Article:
Meaningless Words and the Real Power of Intention
A rock star and a theologian understood what was at stake.
by James Leroy Wilson
April 23, 2009
Robert Anton Wilson notes in Prometheus Rising that light rays coming into the lens of the eye would lead to images being upside-down. "The brain obligingly interprets the picture, turning it right-side up, and interpreting it in other ways more subtle." The object we see isn't what "is," but only what our eyes register, and how our brain interprets and "corrects" what we see to make it make sense.
This is why eyewitness testimony is often unreliable; the brain attempts to remember a startling event that may have happened in a flash, and tries, by borrowing from its memory of similar images, to make the visual memory sensible. It's also why the strange things we see in the sky may not be as strange as what we think. What we see is unusual, and our brains correct the image - fills in the gaps - to make it fit into something we've seen before, especially if what we've seen before was in UFO specials on TV.
As Wilson notes elsewhere in the same book, "What I see with my eyes closed and with my eyes open is the same stuff: brain circuitry."
Or, as Lesson 1 in A Course In Miracles puts it, "Nothing I see in this room [on this street, from this window, in this place] means anything."
What we see is not "objective reality." What we see has no meaning. Consciously and unconsciously, we only react and create "meaning" of what we think we see, not what is there.
Communication is similar. The words you read have no meaning.
For meaning doesn't exist without intention. Words are often not needed to communicate one's intention. Wayne Dyer in his Power of Intention PBS special tells a true story of boys playing baseball. A mentally handicapped boy is up to bat, and with the help of a teammate manages a ground ball to the pitcher. The pitcher scoops up the ball and overthrows it, allowing the boy to advance to first base. The pitcher's teammates correctly read the pitcher's intention and commit a sufficient number of throwing errors to allow the boy to advance the bases and score.
How you interpret a message is how you filter the intention of the messenger through your own intentions. Maybe Al makes a joke to Bob about the death of a celebrity, but Bob's mother had died the same tragic way. Did Al know about Bob's mother's death? Does Bob know whether Al knows? Was Al intentionally evoking painful memories for Bob? Such questions determine the degree of the tastelessness of the remark, and whether Bob will be angry with Al.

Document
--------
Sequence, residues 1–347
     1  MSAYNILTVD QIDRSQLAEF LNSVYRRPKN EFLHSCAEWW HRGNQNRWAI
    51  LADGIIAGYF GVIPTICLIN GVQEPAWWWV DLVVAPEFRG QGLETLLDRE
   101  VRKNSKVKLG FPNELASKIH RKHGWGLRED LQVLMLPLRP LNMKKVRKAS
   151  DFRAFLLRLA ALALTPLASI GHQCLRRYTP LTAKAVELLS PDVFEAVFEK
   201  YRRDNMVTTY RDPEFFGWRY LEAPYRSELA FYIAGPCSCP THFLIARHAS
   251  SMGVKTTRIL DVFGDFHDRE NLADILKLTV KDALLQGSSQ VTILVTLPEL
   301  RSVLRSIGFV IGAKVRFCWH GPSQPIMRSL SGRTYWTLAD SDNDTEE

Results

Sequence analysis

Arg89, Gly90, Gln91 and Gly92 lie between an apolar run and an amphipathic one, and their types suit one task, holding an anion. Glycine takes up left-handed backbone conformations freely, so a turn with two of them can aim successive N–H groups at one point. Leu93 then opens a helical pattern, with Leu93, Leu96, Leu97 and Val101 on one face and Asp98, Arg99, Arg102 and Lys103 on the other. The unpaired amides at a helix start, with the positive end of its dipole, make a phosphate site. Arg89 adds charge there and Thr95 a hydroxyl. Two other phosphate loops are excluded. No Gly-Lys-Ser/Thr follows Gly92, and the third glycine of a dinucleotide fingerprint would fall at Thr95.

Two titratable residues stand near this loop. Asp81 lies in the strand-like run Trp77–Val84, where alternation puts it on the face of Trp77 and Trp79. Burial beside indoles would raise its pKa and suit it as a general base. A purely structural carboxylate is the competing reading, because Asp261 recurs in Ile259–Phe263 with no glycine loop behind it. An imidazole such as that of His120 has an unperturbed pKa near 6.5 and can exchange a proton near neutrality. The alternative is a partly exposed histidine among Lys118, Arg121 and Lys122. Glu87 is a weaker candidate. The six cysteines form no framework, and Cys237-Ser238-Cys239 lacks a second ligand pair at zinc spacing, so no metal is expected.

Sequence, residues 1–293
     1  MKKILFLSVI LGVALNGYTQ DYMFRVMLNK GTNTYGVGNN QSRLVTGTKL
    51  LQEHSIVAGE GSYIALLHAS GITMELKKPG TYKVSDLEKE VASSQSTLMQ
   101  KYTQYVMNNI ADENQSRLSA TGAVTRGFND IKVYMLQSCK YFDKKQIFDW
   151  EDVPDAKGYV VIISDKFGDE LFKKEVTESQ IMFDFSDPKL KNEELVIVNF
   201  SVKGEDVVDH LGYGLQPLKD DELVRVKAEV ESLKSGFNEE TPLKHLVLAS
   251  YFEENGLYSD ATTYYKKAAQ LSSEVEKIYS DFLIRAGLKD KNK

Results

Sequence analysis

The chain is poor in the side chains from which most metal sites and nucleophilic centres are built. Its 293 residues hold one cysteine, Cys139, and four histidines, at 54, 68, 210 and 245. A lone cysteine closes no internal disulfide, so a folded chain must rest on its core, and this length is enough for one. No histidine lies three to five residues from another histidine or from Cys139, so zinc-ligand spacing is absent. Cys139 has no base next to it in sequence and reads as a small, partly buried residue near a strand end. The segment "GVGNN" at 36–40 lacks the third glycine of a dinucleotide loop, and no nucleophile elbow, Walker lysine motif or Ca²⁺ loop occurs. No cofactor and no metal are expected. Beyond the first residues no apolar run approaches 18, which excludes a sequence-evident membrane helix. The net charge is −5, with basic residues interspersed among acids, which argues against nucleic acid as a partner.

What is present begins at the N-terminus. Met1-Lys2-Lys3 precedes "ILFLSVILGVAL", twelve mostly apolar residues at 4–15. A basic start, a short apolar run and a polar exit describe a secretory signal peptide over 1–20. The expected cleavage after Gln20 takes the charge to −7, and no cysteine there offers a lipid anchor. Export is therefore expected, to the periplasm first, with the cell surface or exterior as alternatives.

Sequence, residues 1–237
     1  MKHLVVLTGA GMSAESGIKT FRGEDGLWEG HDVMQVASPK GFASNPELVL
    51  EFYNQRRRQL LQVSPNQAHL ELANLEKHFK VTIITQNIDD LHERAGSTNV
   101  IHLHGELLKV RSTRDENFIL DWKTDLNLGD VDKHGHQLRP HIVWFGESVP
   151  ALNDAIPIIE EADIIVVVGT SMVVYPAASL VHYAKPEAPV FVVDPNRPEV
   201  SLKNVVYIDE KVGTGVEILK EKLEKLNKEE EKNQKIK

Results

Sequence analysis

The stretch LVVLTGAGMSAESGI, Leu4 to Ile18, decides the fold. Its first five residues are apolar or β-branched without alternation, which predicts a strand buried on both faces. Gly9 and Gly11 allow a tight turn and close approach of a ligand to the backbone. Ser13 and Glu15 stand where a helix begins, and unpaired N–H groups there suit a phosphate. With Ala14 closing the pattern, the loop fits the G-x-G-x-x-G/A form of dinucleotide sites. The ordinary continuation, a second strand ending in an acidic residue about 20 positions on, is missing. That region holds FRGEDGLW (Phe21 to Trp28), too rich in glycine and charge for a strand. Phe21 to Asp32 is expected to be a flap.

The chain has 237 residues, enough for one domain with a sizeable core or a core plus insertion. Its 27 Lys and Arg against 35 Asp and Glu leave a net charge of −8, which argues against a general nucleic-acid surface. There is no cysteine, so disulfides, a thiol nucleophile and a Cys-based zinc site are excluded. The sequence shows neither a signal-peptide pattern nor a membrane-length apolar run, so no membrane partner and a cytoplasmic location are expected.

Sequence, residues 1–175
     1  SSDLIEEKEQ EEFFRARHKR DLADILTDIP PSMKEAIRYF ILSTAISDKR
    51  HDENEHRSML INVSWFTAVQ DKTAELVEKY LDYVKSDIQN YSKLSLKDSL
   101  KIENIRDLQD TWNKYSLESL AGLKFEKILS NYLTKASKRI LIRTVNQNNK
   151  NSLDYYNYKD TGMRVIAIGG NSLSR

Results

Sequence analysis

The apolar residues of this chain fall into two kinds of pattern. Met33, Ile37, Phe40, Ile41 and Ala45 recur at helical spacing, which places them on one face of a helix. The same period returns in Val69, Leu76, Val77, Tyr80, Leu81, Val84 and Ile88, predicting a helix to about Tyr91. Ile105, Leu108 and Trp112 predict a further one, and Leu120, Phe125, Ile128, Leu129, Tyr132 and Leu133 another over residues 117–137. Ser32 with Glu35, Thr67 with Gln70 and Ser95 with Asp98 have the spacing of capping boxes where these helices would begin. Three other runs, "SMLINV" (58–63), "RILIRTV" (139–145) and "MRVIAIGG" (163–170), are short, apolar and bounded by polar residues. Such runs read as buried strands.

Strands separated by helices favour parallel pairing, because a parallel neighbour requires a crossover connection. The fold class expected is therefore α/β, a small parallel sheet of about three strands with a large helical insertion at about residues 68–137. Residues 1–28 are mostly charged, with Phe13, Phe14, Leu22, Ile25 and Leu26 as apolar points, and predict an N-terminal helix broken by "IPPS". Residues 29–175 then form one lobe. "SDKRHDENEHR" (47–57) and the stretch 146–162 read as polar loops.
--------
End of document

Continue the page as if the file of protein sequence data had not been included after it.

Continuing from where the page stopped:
A conflict resulting from a misunderstanding has little to do with confusion about the meaning of words, but is, rather, a misreading of intention. A misunderstanding results when, based on previous experience with a similar person or a similar circumstance, you anticipate the other person's intention but turn out to be wrong.
And this often happens even when we have the advantage of facial expression or body language. Misunderstandings are greater when we deal with mere words.
Patrick Madrid, in Where Is That In the Bible? notes this sentence: "I never said you stole money."
Say it or write it six times, but with emphasis on a different word each time.
Six different meanings in eight syllables - four of which are still somewhat accusatory!
Madrid's book is on Catholic apologetics, and his point is about who has the authority to interpret the Bible - to discern its intention and therefore its meaning - other than the very Church that compiled it. That question is still controversial, which is why the Christian religion has many sects.
The Bible is nothing but a long trail of meaningless words. It has instigated no persecutions, no Crusades; it created no Church, it is the basis of no moral code or civilization. It doesn't even convey clear ideas about God or ethics. The Bible's meaning is the meaning we we've been taught to see in the words. The more we learn, some of us are strengthened in our belief in the meaning we were taught; others find different meanings. Still others eventually don't care one way or another.
J. Gresham Machen was a theologically conservative Presbyterian theologian of the early 20th century. He believed his Calvinist interpretation of the Bible was the true meaning of the Bible. He also believed his Calvinist Presbyterianism was the only correct religion. As a result, he opposed Bible readings in public schools, and prayer in school.